It has come to our attention that flame spread ratings have been neglected over the years, especially in the construction of houses. Products such as OSB floor sheathing and Wood I-Joists have been the popular choice over the years for floor structures, with great benefits, but flame spread rating is a concern.
The National Building Code of Canada (NBC) requires the flame spread rating of all exposed
interior finishes to be no more than 150. Sentence 126.96.36.199.(1) of the 2010 NBC states the following:
188.8.131.52. Flame Spread Rating of Interior Surfaces
1) Except as otherwise provided in this Subsection, the exposed surface of every interior wall and ceiling, including skylights and glazing, shall have a surface flame-spread rating of not more than 150.
For example, this would include exposed wood I-Joists and floor sheathing in a house’s basement, when the ceilings are left unfinished. Another example would be in unfinished garages, where OSB wall and roof sheathing are left exposed.
Flame spread rating should not to be confused with fire resistance rating. A flame spread rating is an index or classification (the number, such as 150, has no units), whereas a fire resistance rating is measured in units of time (such as a 45 minute rating).
The definition of flame spread rating as per the NBC is:
Flame-spread rating means an index or classification indicating the extent of spread-of-flame on the surface of a material or an assembly of materials as determined in a standard fire test as prescribed in this Code.
After researching some popular products containing OSB and inquiring to some manufacturers about their product’s flame spread rating, the general consensus was that most products have not been tested – except for those specifically designed as fire retardant products. The NBC Appendix D also indicates insufficient testing (under CAN/ULC-S102). It should also be noted that some products have been tested for use in the United States under ASTM E84, but while ASTM E84 and CAN/ULC-S102 have similarities, they provide different results. Only CAN/ULC-S102 tested products can be accepted according to the NBC.
Where there is no sufficient testing on those common products, we have to assume that the flame spread rating may be over 150, meaning that all OSB products on interior surfaces should be covered or protected, unless data or reports from the manufacturer can be provided showing a flame spread rating of 150 or lower.
Options to achieve compliance
The following options below should be considered at the design stage of your project, in order to plan ahead and ensure compliance with NBC sentence 184.108.40.206.(1) in regards to Flame Spread Rating (FSR).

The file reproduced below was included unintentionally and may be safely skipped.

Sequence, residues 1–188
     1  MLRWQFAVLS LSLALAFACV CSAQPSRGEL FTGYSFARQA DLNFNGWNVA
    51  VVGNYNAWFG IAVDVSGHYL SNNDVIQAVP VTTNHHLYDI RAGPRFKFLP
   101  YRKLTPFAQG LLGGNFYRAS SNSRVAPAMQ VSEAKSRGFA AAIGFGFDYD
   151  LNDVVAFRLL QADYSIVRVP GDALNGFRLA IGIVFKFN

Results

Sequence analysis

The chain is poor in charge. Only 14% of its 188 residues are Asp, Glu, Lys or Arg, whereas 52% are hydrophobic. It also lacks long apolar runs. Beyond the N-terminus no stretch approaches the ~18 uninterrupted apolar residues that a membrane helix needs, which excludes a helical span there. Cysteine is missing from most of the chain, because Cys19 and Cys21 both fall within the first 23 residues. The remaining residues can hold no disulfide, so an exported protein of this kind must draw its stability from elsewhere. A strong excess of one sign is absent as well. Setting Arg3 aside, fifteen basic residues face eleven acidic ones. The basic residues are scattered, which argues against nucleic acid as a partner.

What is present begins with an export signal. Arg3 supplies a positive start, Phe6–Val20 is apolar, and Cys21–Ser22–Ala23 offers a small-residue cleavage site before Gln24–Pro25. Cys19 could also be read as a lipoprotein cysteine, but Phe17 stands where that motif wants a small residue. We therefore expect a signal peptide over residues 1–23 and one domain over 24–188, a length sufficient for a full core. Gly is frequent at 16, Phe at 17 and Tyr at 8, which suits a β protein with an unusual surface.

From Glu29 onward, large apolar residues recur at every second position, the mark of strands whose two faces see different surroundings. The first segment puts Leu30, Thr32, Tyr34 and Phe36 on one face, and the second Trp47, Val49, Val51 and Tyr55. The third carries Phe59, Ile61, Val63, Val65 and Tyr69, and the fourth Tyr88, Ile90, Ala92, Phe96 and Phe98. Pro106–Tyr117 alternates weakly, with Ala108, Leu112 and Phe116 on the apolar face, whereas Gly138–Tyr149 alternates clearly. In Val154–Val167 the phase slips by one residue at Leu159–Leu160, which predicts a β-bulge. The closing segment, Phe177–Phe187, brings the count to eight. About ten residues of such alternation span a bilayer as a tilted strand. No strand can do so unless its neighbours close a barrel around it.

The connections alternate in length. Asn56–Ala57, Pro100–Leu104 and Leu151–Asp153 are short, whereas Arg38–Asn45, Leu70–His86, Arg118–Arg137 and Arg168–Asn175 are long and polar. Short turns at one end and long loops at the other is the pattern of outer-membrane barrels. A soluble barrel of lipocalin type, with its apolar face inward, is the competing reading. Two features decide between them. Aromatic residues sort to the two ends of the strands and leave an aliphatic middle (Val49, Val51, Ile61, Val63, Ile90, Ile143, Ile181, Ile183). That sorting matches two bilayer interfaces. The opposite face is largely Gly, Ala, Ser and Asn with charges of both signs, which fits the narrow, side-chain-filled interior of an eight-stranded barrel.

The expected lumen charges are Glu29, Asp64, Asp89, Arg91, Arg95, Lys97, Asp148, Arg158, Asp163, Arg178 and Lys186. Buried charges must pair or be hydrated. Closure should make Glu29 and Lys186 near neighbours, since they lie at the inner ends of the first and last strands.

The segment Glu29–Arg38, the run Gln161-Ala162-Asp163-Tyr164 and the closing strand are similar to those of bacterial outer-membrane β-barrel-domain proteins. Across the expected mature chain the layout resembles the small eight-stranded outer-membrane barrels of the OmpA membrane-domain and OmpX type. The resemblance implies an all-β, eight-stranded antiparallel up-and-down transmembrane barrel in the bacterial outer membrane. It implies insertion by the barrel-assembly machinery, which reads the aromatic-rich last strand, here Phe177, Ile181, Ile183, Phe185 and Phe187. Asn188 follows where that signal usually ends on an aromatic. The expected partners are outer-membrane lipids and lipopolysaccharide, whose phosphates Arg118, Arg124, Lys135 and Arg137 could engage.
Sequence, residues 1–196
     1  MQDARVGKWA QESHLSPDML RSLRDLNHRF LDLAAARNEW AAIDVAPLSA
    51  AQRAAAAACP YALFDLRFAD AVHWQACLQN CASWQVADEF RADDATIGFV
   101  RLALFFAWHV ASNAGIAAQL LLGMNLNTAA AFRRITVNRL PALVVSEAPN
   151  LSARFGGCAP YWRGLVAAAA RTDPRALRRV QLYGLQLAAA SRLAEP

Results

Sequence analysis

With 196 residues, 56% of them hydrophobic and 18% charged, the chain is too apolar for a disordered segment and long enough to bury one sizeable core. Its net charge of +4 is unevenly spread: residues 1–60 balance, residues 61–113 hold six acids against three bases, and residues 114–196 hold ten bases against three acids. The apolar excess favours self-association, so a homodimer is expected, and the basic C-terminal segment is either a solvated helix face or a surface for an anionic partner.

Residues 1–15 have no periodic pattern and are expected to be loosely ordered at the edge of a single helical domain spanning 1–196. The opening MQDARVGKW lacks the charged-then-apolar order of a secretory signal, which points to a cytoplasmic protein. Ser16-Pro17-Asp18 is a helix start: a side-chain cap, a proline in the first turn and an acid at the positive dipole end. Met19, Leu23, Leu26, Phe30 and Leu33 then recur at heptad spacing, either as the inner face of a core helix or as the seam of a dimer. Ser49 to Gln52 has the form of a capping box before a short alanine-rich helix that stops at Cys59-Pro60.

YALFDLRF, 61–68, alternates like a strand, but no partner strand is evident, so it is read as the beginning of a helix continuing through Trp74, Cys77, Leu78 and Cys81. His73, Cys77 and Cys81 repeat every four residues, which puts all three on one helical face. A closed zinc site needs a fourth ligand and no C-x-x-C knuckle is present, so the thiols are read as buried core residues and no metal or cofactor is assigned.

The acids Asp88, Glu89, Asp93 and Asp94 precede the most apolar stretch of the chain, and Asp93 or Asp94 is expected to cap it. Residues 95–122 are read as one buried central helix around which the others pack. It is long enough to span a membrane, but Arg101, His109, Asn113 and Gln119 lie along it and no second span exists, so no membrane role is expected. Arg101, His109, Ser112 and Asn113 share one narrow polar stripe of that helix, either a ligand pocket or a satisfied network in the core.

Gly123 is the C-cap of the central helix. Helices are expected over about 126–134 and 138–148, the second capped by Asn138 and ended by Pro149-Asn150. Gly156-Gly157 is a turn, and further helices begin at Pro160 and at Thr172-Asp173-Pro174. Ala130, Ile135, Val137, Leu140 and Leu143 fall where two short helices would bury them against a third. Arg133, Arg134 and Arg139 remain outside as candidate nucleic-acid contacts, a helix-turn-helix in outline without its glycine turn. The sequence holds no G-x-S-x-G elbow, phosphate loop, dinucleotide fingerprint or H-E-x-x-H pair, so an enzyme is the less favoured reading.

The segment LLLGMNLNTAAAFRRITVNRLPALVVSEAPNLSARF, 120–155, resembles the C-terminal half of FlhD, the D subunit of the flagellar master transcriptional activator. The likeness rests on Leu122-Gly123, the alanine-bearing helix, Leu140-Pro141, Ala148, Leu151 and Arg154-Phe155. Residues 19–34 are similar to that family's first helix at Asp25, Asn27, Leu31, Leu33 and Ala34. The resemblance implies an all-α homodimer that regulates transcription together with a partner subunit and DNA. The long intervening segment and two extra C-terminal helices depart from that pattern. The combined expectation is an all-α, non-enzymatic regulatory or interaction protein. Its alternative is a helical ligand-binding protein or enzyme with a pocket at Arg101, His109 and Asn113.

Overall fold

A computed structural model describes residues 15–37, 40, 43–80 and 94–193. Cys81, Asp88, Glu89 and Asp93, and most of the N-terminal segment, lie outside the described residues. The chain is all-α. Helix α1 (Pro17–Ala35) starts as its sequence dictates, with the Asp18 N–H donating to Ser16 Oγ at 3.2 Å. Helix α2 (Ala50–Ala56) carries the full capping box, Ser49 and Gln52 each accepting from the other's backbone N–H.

(Note that there are other options, these are just examples)
- If you intend to leave the basement ceiling unfinished:
- Use Plywood floor sheathing instead of OSB. Plywood has an FSR of 150 or below according to testing.
- Use lumber (S-P-F) for floor decking instead of OSB sheathing. Lumber is tested to have FSR (S-P-F) of 150 or less.
- Use Open Web Wood Joists or Floor Truss instead of Wood I-Joists. Open web joist, if they contain no OSB, would have an FSR of 150 or less. Contact your provider to inquire about OSB in their product.
- Use dimensional lumber floor joists instead of Wood I-Joist.
- Paint all exposed OSB with specialty paint that will provide an FSR of 150 or below. To make this process easier, you may want to paint the items, prior to electrical, plumbing and ventilation rough-ins, or even pre-paint the joist and/or sheathing prior to installation.
- Use OSB products that have been tested and assigned a flame spread rating of 150 or less. There are OSB products available that will, meet the required flame spread limit.
- If you intend to finish your basement ceiling, most common finishes, such as but not limited to gypsum board or drop ceilings will meet flame spread rating requirements. This option however, can only be considered if you intend to finish the ceiling prior to having the required Final Inspection completed. Finishing the ceiling in the future will not be acceptable.
Going forward, the GMRSC Building Inspectors will be looking for NBC compliance regarding this matter, first during plans review, and then during inspection.
Please be aware of this concern and plan ahead as this may implicate added cost, which may be minor if planned for during design and construction. However the added cost may be increased if this is not dealt with at the planning stage – fixing issues on-site during construction may involve unplanned or un-budgeted costs.
The increased cost of construction, if the intention was to leave the basement ceiling unfinished, may be approximately 1% on a complete house, obviously depending on the style or type of house.
If you have any questions or concerns, please contact a Building Inspector of the Greater Miramichi Regional Service Commission.